By Francisco R. Velázquez, M.D., S.M., FCAP
The origin of Thanksgiving dates back to 1621 and the harvest feast celebrated by the Plymouth settlers and the Wampanoag people. The holiday was celebrated sporadically until 1863, when President Abraham Lincoln proclaimed Thursday, Nov. 26, to be a National Day of Thanksgiving. Since then it has been celebrated annually, and in 1942 Congress formalized the fourth Thursday in November as the holiday.
Although not necessarily related to the harvest in modern times, it is still considered the time to celebrate the blessings of the year. Gratitude and graciousness are at the core of Thanksgiving.
What if gratitude and graciousness could improve your physical and mental health? Would we be more inclined to focus on the positive around our lives? I know that none of our lives are perfect, and for some the course of the day is more challenging or complicated than for others. I have been told since childhood that you never know the pain or grief that may be behind a smile. Thus, be kind to all around you, and be grateful for all you are and have.
What is gratitude? The Latin root of the word is “gratus,” which loosely translated can mean grateful or thankful. It has commonly been defined as a feeling of appreciation for something or someone’s actions and the impact on our lives.
Many researchers use what is known as the “life orientation approach” which incorporates the gratitude that comes from appreciating the kindness of others together with the gratitude that comes from habitual focus on the positive aspects of life. Gratitude is a key component of the positive psychology movement, which has gained momentum over the past 20 years. This area of psychology focuses on how to help human beings prosper and lead healthy, happy lives. While many other branches of psychology have traditionally focused on dysfunction and abnormal behavior, positive psychology is centered on helping people become happier. With this perspective in mind, gratitude can be defined as a state of thankfulness or a state of being grateful. This is an area of significant study and research, which continues to evolve.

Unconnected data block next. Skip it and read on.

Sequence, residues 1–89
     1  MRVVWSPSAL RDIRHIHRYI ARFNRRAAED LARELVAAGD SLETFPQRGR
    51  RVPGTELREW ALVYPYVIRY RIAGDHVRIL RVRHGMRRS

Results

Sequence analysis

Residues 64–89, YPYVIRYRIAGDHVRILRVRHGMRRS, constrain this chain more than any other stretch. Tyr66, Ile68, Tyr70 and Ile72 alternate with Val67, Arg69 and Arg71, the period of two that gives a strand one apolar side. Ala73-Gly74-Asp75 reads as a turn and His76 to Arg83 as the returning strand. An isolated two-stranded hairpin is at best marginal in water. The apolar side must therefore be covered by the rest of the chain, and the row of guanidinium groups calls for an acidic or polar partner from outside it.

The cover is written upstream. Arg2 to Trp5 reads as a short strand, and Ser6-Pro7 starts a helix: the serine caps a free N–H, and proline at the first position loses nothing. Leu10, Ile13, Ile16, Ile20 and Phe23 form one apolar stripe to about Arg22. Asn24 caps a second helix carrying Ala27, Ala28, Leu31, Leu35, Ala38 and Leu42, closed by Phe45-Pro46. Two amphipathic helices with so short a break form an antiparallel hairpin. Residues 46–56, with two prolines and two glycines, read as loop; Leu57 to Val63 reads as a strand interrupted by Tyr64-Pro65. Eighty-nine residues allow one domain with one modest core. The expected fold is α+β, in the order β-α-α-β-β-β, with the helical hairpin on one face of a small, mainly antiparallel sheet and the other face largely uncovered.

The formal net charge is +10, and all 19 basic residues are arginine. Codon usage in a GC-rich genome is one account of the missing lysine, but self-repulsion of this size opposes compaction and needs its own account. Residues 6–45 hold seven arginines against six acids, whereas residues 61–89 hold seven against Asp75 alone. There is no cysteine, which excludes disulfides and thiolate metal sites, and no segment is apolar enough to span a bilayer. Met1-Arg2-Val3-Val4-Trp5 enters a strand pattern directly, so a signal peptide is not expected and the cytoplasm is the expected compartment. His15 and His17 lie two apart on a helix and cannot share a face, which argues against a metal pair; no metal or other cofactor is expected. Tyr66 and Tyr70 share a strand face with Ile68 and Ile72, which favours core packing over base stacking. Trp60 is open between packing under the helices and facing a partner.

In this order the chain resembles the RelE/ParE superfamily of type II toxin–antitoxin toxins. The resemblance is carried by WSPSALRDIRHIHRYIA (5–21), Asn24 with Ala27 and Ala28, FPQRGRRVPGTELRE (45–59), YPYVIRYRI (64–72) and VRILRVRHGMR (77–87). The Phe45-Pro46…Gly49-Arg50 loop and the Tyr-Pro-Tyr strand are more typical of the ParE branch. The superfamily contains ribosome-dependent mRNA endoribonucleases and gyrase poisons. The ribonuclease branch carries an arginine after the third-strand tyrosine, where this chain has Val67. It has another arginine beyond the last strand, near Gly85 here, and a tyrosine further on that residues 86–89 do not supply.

There is a considerable body of neuroscience research on gratitude, its impact on brain chemistry and function and how this can translate to mental or physical effects. With the intentional practice of gratitude, scientists have postulated that this activity modulates key brain areas associated with mood, motivation and resilience. It is known to stimulate the region in the brainstem where dopamine is produced. Activity is also described in the anterior cingulate cortex which has a role in key cognitive processes such as motivation, decision making, empathy, emotion and impulse control.
Scientists have reported increases in the neurotransmitter serotonin, which plays a key role in body functions such as mood, sleep, wound healing and others. The effects of serotonin are longer lasting than other substances that also increase with gratitude such as dopamine, commonly referred to as the “happy hormone.” Dopamine increases when we experience something pleasurable and provides a short-term feeling of happiness or well-being.
Research shows that gratitude is associated with reduced stress, better sleep, improved self-care, and improved relationships with others. Many other benefits of thankfulness are said to include better impulse control (which can reduce overeating), and lower risk of depression, anxiety disorders and phobias. It can also result in decreased risks for alcohol or nicotine dependence and substance use.
Research with older adults has demonstrated that activities such as daily gratitude writing exercises positively impact feelings of loneliness and resulted in a decrease in reported physical health symptoms. Other literature points to potential decreases in the risk for heart disease, decreased levels of inflammation biomarkers on patients with congestive heart failure and possible decreases in the risks for a heart attack.
Other investigators have reported lower levels of hemoglobin A1c, which is an indicator of glucose control, and typically monitored in patients with diabetes. Improved immune function, increased productivity and a boost in self-confidence have all been associated with higher levels of optimism, positivity and thankfulness.
Those who are consistently grateful are identified as being more patient, optimistic, more forgiving, less materialistic and having higher energy levels, as well as being more resilient.
Granted more research is needed, but given all the positive attributes of gratefulness, isn’t it worth trying to be grateful for all we are and have? I am grateful for the opportunity to share these thoughts with you.
Francisco R. Velázquez, M.D., S.M., FCAP, is the health officer for the Spokane Regional Health District.